Homily – May 25, 2014

Lord Let My Light Shine

I remember my first summer vacation after my first year at Holy Cross seminary in Dunkirk, New York. I couldn’t wait to see a friend of mine, Holly Knight. We didn’t go to the same school but we spent a lot of time arguing religion. Holly was Anglican and eventually was ordained in the Anglican Church.

I couldn’t wait to see him because I’d taken a course in Apologetics – a course explaining the truth of the teaching of the Catholic Church and showing up the weaknesses of the teachings of other Christian churches and I was convinced that I could convince Holly that he must become a Roman Catholic. Needless to say my enthusiastic efforts were a flop.

For most people it really isn’t well thought out reasons that attract people to the Church. More often than not is it the lived example of ordinary people trying to be faithful to the teachings and example of Jesus that is the magnet.

In the second reading St. Peter tells the people; “in your hearts sanctify Christ as Lord. Always be ready to make your defence to anyone who demands from you an accounting of the hope that is in you; yet do it with gentleness and reverence.

How often did the people to whom Peter was writing were questioned by family and friends, “ how could you do such a things, how could you turn your back of the traditions of your family and join up with this motley crew of Jews?

Most of the early converts to the Christian faith were attracted to the Christian community by the lived lives of the ordinary men and women who belonged to that community. In the Acts of the Apostles we are told that the men and women who were not Christians marveled at how these Christians loved one another. They became aware of the love and kindness, support and reverence that vitalized the life of the community and they wanted to be part of that community too. Theological or philosophical arguments had nothing to do with it, they were attracted to the community be seeing how members of the community inter-acted among themselves.

These early Christians, because they were so different were often maligned because of their good conduct in Christ. Neighbours couldn`t understand why they shared food and clothing with one another. They couldn`t understand their hospitality and care of the poor.

It is the same today. Men and women are drawn to the church by living examples of those who put flesh and blood to the teachings of Jesus, teaching that tells us share with those who have less, forgive those who have harmed us, be peace makers, work for social justice, welcome the stranger.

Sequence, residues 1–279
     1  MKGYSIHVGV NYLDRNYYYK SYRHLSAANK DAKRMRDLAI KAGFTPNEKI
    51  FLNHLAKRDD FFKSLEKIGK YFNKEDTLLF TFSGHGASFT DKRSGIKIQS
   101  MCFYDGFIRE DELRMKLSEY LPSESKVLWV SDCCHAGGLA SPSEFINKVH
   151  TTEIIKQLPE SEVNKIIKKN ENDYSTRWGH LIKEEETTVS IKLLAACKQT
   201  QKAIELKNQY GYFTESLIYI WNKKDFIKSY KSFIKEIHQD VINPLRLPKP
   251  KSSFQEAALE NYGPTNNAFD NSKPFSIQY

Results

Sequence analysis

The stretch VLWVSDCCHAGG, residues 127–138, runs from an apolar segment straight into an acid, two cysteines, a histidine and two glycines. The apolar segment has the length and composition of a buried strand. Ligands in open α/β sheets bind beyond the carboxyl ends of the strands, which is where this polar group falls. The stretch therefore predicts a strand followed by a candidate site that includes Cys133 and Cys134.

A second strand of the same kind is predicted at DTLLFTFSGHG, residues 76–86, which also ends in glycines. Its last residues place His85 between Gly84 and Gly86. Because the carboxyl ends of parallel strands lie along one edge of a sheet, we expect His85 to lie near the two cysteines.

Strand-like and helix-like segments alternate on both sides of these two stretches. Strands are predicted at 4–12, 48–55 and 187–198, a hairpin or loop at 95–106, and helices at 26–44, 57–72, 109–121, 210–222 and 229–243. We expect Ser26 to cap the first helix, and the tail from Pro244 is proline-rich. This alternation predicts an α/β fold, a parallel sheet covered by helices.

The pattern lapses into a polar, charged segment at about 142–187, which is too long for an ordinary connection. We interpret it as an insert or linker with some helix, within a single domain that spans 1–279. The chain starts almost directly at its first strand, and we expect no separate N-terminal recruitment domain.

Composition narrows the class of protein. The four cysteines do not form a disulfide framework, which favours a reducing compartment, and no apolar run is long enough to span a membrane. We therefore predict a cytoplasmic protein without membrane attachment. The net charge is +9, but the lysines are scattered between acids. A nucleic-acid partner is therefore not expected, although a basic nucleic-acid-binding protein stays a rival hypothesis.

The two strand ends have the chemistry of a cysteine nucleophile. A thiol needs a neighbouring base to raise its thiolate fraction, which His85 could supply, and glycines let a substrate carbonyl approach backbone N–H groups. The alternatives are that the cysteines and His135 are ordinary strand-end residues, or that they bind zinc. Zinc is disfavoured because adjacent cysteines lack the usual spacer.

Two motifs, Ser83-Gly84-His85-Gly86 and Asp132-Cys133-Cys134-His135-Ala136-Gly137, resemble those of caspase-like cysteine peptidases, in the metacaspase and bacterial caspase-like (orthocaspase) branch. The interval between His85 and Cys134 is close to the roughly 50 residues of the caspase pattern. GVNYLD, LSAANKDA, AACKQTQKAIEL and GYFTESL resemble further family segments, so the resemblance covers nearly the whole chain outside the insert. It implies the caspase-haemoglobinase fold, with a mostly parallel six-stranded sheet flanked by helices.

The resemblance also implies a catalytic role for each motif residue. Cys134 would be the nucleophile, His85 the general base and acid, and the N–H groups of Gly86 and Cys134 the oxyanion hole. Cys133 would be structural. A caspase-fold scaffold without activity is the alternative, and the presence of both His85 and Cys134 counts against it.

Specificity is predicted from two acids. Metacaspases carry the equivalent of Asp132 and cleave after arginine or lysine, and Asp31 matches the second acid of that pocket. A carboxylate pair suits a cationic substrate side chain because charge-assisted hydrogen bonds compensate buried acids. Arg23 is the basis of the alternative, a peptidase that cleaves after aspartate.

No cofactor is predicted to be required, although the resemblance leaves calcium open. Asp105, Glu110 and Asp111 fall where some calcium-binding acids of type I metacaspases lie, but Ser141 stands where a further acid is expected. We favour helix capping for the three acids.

St. Paul described the early church as being made of men and women who had no power, no influence, no money but men and women who believed in the love of the crucified Christ for every one of them. Men and women who were filled with gratitude for such love, men and women so filled with gratitude that they wanted to follow Jesus and his way of doing things. Such a way of life was counter-cultural then as it is now and not always understood by those around us, but Jesus asks us to follow him and by living and loving as he did and so make a difference in the world.

That dying to ourselves, which sounds so dramatic, can be carried out quietly every day in our lives: when we put the needs of another ahead of our own; when we refrain from an angry outburst; when we reach out to those in need or become more merciful to those around us and those in our world whose desperate lives so urgently need our awareness and mercy.

There is a saying, ‘you may be the only bible people will ever read’. How we live our lives, how we treat other people, how we care for those who have less than we do, how we welcome the stranger, how we care for the homeless, how we relate to people of different faiths, cultures or lifestyles will let us know whether or not our good conduct gives witness to the Christ in whom we believe.

When we see the optics of Pope Francis, the way he relates to people, the way he wants to be with them as they are, his openness to others no matter what their life circumstances, his humility of lifestyle, surely people`s attitudes toward the church have changed. His good conduct in Christ has made a difference in the lives of many people both within the Church and outside it.

In this Eucharist we celebrate Christ’s great and unconditional love for each one of us. We pray that his love inspire us to live lives worthy of our calling and that we be examples of faith and love to inspire others to follow Christ.